b) HCV infection is diagnosed in young age, however 20% of the patients had already cirrhosis before starting treatment and almost 50% were infected with HCV genotype 1b;
c) the response rates to IFN-based therapies were the same as in other patient groups, while most importantly, treatment with DAAs was very effective (SVR 100%) and safe even in difficult to treat HCV patients (most null responders with severe fibrosis/cirrhosis).
In our retrospective study, we found a prevalence anti-HCV positivity of 53% in patients with haemoglobinopathies, while more than one-third of the patients (38%) had CHC. This datum is in accordance with previous studies from Greece[25,26] and other European countries.[27] As far as HCV genotype is concerned, almost half of our patients were infected with genotype 1b, which is the most prevalent genotype among multitransfused patients [3,28]. In addition, nearly 20% of the patients had cirrhosis before treatment initiation which is in accordance with previous studies in patients with CHC and thalassemia,[3,26,29] while the rate of progression of liver disease to cirrhosis was 27% with a median disease duration of 23 years. The progression to cirrhosis seems to be higher than that expected in other patients with CHC without haemoglobinopathies.[30,31] Of note, the achievement of SVR did not influence the progression to cirrhosis which is rather dependent on the degree of liver iron overload.[29]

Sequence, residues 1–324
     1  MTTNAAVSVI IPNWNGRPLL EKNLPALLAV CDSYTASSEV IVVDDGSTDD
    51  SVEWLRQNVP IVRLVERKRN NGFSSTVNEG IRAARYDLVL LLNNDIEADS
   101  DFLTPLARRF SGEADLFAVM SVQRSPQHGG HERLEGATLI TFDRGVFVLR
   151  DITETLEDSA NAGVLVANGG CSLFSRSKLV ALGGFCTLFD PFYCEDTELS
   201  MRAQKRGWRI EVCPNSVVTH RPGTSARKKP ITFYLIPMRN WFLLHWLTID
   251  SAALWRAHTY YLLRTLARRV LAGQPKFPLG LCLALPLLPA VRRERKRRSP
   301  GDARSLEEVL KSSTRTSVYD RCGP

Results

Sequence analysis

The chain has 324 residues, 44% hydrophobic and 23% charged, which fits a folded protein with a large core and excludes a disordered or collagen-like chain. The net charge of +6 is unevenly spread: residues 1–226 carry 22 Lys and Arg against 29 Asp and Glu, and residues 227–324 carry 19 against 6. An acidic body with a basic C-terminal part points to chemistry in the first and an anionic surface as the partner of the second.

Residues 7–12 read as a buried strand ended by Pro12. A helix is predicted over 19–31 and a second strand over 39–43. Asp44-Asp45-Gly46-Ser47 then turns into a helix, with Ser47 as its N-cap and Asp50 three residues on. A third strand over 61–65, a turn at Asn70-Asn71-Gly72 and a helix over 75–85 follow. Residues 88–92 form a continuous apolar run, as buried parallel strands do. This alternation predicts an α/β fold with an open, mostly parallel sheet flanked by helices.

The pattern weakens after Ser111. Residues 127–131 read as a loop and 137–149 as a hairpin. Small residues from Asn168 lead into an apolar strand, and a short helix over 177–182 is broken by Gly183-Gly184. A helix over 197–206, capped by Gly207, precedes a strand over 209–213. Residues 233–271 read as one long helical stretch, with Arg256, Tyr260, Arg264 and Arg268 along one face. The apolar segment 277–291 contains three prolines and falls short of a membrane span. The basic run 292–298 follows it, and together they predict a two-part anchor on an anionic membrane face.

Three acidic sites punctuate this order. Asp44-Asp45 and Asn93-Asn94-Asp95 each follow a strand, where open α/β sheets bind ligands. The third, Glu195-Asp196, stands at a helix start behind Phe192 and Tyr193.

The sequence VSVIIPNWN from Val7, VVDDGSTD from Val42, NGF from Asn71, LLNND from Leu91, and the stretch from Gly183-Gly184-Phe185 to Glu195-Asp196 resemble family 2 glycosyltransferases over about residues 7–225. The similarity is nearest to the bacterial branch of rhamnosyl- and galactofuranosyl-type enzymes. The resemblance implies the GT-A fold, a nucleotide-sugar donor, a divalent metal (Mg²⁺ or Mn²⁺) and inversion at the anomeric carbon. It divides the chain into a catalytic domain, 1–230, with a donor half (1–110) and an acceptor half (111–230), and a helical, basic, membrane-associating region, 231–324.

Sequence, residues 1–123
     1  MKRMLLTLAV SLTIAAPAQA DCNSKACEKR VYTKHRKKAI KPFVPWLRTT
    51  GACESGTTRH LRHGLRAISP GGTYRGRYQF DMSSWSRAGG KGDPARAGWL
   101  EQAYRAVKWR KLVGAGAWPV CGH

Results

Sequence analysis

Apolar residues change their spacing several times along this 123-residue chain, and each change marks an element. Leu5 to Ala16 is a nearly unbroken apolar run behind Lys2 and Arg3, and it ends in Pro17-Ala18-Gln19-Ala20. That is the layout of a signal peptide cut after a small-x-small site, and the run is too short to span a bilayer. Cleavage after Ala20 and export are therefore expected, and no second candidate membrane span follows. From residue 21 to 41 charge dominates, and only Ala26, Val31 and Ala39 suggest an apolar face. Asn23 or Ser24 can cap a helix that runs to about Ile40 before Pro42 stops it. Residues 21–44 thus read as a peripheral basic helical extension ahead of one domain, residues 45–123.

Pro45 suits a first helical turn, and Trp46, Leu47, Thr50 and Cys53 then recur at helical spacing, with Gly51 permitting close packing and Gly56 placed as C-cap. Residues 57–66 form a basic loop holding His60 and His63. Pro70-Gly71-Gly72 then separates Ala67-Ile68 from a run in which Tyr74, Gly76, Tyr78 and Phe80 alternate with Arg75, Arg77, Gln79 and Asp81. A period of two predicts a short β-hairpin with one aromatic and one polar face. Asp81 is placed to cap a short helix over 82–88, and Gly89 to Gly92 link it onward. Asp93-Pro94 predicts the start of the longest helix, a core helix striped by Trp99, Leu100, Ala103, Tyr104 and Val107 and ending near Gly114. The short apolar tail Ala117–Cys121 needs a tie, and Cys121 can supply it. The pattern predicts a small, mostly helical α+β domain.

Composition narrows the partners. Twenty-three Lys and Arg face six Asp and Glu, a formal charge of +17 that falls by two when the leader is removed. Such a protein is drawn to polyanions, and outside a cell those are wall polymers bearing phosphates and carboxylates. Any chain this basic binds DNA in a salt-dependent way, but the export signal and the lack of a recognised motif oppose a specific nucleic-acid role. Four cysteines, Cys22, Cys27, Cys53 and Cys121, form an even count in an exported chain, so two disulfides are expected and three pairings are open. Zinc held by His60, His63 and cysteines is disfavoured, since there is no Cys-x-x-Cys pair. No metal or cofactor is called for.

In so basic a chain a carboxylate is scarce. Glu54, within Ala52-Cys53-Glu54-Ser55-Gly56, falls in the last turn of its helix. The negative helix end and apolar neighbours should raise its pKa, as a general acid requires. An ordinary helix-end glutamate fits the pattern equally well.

In general, the SVR rate among patients treated with IFN-based therapies (47%) was similar to previous reports in this population,[3,14,15] while the SVR rate among those who received IFN/Peg-IFN monotherapy was 43%, similar as in past studies.[9,12,16,17] In a small subset of patients (n=7) who received IFN/PegIFN in combination with ribavirin, the SVR rate was 57%, while only the minority of them increased their transfusion needs.[3,11,13,32] However, haemolysis was reversible after drug discontinuation, and no significant iron overload worsening was noticed. According to our study, the SVR rates both in patients treated with IFN monotherapy and those treated with IFN in combination with ribavirin were similar to other CHC patients.[33-35]
The main and most important finding of our study, however, was the high SVR rate (100%) achieved among HCV treatment-experienced difficult (null-responders) patients with haemoglobinopathies who were treated with DAAs. All patients received the appropriate treatment according to the HCV genotype and fibrosis severity, but they considered to be difficult to treat population, as all but one, were treatment-experienced and had advanced liver fibrosis (stage F3-4 according to liver elastography). Even though the number of patients was small to drawn safe conclusions, this is one of the first studies showing quite convincingly that the SVR rate to DAAs in multitransfused difficult-to-treat HCV patients is similar to that observed in nonmulti-transfused naïve individuals with CHC.[36-40]